Quantum tunneling injection of hot electrons in Au/TiO2 plasmonic photocatalysts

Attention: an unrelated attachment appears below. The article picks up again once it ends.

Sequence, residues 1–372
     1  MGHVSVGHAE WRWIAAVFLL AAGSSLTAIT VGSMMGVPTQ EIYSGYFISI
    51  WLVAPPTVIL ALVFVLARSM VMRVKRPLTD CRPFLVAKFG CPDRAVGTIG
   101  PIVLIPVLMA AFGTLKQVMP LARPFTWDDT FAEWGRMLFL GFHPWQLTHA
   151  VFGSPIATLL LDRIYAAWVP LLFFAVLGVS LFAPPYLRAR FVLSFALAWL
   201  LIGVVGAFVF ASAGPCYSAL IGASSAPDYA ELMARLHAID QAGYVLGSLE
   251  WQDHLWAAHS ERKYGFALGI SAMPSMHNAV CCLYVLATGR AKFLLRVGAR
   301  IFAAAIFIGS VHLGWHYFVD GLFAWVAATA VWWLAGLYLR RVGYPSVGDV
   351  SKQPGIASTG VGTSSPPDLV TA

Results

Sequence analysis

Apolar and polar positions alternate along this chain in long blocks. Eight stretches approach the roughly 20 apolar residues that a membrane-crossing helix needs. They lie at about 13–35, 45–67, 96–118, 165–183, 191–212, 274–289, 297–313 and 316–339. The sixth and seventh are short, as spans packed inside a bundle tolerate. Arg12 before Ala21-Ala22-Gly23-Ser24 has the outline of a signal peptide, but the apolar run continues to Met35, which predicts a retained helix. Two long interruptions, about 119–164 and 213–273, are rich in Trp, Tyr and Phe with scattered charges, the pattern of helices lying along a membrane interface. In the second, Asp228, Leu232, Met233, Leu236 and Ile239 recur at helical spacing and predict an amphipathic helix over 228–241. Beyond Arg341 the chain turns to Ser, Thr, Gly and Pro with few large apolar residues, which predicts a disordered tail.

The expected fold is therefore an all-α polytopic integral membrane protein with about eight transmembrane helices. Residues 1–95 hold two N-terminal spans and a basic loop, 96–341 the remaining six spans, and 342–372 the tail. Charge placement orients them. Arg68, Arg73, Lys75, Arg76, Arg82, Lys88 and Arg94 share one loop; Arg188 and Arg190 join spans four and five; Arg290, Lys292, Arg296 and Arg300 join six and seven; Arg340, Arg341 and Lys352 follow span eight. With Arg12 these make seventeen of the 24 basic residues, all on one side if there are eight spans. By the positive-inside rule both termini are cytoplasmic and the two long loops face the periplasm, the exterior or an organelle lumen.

Visible light absorption of plasmonic Au nanoparticles supported on semiconductor TiO2 leads to injection of their photoactivated “hot electrons (ehot−)” into the TiO2 conduction band. This charge separation facilitates several oxidation and reduction reactions. These plasmonic systems, however, suffer from low quantum yields because the Schottky barrier created at the Au–TiO2 interface suppresses ehot− injection. Here we report that Au nanoparticles supported on the anatase particles isolated from Degussa (Evonik) P25 TiO2 promote ehot− injection with much higher efficiency than those supported on other commercially-available TiO2 and catalyze aerobic oxidation with very high quantum yield (7.7% at 550 nm). Photoelectrochemical and spectroscopic analysis revealed that the number of Ti4+ atoms located at the Au–TiO2 interface is the crucial factor. These Ti4+ atoms neutralize the negative charge of the Au particles and create a Schottky barrier with narrower depletion layer. This facilitates efficient ehot− injection by “quantum tunneling” through the Schottky barrier without overbarrier energy. The ehot− injection depends on several factors, and loading of 2 wt% Au particles with 3.5–4 nm diameters at around room temperature exhibits the highest activity of plasmonic photocatalysis.